This is the second book in Whitley’s trilogy set in an alternate quasi-mediaeval world. The first book, The Midnight Charter (reviewed in BfK No. 179), introduced us to the city of Agora, where everything can be bought and sold, each relationship needs a contract, and human characteristics such as emotion and despair are bottled and can be taken like a drug. In this harsh social climate, young Mark has risen to the heights as a public seer, while Lily has set up an almshouse for the poor and destitute. However, political machinations lead to their joint banishment to the outside world of forest, marshland and streams. This is the starting-point for the second volume, which follows Mark and Lily to a peasant-village, dominated by faith and harmony – the opposite, apparently, to Agora. Yet the implicit imposition of unquestioning conformity, tied to everyday toil and religious observance, soon leads Mark and Lily to recognise the need to be themselves. Surrounding the village is the forest, the home of the Nightmare, which works through dreams to unlock ‘every secret urge, every dark desire’, and ‘turn them loose’. The two young people must learn to ‘ride the Nightmare’ when they leave the village, and Lily embarks on a pilgrim’s progress to find her father and, through him, the truth.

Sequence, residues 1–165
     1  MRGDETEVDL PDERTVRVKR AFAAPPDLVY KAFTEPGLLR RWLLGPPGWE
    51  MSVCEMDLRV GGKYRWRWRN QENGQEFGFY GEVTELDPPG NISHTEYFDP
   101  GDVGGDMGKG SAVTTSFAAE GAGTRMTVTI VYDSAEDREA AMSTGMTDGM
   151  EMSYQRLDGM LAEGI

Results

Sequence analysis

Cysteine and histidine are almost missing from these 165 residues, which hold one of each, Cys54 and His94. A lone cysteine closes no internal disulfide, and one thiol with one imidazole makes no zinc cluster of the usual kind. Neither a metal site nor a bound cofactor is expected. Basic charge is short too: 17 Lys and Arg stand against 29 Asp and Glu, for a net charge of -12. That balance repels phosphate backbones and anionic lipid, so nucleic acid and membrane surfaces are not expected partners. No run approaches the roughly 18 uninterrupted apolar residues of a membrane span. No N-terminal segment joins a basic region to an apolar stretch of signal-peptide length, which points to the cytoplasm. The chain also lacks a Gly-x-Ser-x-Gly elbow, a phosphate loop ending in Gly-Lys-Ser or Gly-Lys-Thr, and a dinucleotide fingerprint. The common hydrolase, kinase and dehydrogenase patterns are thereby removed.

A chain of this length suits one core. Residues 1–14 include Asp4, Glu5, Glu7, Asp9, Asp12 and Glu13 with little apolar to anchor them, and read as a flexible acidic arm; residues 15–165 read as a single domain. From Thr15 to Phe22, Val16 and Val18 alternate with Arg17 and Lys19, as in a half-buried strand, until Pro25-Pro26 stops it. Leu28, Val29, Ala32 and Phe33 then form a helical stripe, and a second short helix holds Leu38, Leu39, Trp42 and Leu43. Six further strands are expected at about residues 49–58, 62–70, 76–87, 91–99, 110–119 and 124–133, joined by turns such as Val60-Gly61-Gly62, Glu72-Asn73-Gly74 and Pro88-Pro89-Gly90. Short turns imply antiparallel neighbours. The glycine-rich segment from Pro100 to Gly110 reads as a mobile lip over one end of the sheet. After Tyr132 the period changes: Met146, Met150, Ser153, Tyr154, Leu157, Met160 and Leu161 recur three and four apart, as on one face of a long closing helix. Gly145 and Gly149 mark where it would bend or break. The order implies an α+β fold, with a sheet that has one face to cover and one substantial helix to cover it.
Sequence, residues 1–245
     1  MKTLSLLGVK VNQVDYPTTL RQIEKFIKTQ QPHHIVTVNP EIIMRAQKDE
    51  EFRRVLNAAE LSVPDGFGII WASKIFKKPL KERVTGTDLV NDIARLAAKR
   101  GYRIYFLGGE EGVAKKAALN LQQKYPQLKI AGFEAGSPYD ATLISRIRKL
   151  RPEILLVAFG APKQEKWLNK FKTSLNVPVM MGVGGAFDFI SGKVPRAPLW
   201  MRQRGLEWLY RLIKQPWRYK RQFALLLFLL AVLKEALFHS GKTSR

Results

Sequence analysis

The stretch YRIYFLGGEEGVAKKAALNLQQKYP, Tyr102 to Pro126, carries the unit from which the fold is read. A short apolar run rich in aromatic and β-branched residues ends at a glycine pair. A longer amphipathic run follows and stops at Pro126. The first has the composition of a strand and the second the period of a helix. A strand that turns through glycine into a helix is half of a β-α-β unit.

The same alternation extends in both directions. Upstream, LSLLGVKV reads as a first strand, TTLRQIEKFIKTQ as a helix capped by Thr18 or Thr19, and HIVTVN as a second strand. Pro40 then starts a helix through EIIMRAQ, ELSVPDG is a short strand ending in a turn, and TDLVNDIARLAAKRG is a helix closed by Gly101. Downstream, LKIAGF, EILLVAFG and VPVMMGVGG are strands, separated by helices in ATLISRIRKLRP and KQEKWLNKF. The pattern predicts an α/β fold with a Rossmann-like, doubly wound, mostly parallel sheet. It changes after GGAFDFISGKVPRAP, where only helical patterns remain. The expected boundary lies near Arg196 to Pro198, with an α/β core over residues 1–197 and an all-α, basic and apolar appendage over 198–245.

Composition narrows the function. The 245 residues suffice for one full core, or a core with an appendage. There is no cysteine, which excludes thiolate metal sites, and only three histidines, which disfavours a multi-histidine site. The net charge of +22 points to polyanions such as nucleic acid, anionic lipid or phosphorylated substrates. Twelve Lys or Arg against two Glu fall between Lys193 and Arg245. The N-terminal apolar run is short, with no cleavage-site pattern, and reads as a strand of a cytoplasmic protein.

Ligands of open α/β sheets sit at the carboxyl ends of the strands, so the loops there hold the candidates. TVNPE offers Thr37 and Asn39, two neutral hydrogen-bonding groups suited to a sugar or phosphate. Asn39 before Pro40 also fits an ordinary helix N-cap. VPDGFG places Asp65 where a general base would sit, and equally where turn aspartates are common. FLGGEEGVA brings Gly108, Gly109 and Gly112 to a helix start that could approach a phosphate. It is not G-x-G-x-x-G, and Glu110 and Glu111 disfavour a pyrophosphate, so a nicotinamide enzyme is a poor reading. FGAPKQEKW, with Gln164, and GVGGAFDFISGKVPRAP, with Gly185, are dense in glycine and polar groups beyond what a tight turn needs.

The narrative of Lily and Mark’s adventures moves forward at a brisk pace, with exciting set-pieces and a vivid sense of place. Every third chapter is set in Agora, largely continuing the political story of the first volume. These interpolations tend to disrupt the main story, but their importance becomes evident as the two strands come together before the end of this volume. Many readers will appreciate the consideration given in the text to issues such as conformity and individuality, although some may be confused by the various Orders and Brethren that appear. However, all should value the acute characterisations and the tense moments of gothic drama. It should be noted that some of these passages, especially those that deal with the infiltration of dreams, could be disturbing for particularly impressionable children. Generally, The Children of the Lost represents a sophisticated expression of moral issues through the fantasy mode. The second novel ends at a crucial point for both the central characters, leaving the overall effectiveness of the trilogy to become fully apparent once the complete story arc has been published.